Addicted to Lists – 

June 6, 2020 – “It’s not that bad.”At the first sign of confrontation, an addict will minimize their addiction by claiming it isn’t that bad. They might even mention they were far worse in the past and that there’s less need for concern now than there was before.

“I only use it occasionally.”Instead of flatly denying the abuse of a substance, an addict will admit to far less than what they are doing. The general rule of thumb is that an addict admits to less than half of their actual usage when they do admit to it at all.

“I can’t deal with my problems without it.”The irony of this statement is that the addict begins to look for reasons to use their drug of choice. They might even create unnecessary problems to support it and use those situations to convince you their vice is necessary.

“I can stop whenever I want to.”To keep from thinking they are addicted, an addict will deceive themselves into believing that they can stop at any time. They might even go for a short period of time to prove it, but it is only temporary and can often lead to a dangerous binge.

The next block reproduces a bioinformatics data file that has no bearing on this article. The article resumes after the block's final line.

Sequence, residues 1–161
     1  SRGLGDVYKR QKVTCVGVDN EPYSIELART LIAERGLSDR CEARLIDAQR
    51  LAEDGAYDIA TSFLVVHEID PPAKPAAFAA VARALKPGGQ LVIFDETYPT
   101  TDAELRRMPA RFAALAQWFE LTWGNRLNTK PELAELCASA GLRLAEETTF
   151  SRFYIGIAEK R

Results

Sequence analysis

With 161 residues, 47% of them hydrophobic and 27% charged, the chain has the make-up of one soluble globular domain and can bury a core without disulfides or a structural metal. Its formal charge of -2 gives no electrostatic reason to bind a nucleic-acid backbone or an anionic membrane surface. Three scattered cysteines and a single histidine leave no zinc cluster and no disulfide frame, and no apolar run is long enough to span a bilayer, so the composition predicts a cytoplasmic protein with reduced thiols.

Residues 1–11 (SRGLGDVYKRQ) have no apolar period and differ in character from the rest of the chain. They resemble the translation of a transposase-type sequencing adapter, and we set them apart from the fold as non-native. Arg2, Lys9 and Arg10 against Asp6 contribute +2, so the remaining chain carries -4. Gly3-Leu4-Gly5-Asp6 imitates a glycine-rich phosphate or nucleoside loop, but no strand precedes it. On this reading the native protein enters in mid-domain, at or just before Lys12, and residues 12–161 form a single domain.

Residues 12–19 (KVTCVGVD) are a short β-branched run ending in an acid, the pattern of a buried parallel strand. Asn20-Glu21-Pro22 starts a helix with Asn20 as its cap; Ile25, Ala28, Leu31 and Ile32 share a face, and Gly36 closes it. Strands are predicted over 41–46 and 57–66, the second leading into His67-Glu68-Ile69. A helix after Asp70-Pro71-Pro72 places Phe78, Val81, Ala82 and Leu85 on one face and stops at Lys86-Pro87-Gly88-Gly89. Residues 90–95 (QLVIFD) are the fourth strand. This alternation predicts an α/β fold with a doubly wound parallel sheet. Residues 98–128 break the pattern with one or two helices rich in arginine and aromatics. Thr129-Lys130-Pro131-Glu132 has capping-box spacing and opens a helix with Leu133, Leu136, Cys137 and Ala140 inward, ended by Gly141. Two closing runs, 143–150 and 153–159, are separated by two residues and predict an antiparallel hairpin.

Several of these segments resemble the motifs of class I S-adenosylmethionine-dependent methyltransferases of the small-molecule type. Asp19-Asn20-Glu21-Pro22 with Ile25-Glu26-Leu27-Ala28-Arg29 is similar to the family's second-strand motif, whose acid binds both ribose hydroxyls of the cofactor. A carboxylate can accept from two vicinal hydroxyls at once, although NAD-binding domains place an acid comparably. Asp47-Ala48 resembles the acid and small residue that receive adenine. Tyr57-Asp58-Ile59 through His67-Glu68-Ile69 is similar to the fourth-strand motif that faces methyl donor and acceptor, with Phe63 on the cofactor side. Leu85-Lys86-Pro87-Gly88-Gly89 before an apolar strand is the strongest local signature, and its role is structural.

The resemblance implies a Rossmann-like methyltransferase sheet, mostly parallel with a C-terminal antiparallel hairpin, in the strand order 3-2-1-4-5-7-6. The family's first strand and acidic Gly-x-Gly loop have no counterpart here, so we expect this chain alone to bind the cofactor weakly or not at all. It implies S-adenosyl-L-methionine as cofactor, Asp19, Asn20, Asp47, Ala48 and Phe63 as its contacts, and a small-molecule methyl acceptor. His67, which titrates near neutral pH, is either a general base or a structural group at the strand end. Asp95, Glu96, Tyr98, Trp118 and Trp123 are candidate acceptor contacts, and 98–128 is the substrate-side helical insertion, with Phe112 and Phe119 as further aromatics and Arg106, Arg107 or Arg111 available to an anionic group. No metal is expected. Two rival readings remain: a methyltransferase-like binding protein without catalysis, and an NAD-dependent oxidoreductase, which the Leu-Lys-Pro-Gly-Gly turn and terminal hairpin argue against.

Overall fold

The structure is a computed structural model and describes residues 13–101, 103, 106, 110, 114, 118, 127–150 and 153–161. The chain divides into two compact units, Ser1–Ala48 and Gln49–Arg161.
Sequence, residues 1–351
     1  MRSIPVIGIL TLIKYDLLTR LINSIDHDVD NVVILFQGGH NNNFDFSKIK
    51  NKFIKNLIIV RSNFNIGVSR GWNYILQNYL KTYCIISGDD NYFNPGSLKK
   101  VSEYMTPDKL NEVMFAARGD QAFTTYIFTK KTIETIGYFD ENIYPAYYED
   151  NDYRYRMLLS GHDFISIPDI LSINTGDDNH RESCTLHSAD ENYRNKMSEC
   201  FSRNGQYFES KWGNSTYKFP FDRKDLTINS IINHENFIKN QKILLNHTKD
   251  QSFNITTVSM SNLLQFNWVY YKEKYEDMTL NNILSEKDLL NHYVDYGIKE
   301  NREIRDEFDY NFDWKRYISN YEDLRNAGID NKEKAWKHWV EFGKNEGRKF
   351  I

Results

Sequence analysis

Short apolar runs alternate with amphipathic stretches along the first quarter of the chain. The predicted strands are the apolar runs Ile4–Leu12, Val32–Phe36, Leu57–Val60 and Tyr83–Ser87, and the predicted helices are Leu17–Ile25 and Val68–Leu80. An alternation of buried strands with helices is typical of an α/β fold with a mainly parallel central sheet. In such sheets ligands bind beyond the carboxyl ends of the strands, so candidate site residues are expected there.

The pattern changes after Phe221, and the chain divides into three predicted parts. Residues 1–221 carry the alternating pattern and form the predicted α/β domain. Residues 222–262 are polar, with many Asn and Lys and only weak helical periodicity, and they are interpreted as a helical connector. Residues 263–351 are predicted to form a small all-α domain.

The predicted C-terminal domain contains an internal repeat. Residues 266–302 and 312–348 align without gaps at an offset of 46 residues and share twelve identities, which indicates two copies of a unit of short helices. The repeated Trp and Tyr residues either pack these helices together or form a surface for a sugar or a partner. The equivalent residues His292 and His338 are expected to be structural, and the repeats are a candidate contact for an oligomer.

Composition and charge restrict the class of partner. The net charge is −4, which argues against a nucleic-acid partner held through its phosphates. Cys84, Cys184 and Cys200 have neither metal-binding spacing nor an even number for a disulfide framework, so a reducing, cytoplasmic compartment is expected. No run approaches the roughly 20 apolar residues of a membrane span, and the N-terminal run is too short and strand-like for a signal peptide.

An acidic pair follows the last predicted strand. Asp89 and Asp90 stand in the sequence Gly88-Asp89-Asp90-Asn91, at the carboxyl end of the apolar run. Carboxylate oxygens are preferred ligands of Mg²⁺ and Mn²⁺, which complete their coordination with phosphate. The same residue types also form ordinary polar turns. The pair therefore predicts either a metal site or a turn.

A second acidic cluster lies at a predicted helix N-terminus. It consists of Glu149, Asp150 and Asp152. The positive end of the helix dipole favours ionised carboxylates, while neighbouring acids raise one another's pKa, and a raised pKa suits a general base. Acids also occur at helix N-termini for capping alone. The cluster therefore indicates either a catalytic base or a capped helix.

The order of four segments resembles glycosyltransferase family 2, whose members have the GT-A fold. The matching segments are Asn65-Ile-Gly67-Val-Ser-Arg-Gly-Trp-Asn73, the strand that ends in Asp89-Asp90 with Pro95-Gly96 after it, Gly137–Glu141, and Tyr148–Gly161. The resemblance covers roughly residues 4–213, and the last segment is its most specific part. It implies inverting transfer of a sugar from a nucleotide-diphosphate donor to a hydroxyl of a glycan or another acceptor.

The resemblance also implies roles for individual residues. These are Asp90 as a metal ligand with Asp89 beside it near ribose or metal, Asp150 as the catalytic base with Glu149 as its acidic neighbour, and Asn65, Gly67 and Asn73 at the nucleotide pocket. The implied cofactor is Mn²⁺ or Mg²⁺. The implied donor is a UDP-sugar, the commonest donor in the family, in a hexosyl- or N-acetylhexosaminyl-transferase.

“I’m not like … he/she is worse.”By comparing themselves to others, the addict can minimize the effects of the addiction while highlighting the severity of another person. This tactic is meant to redirect you, so you are less focused on their usage.

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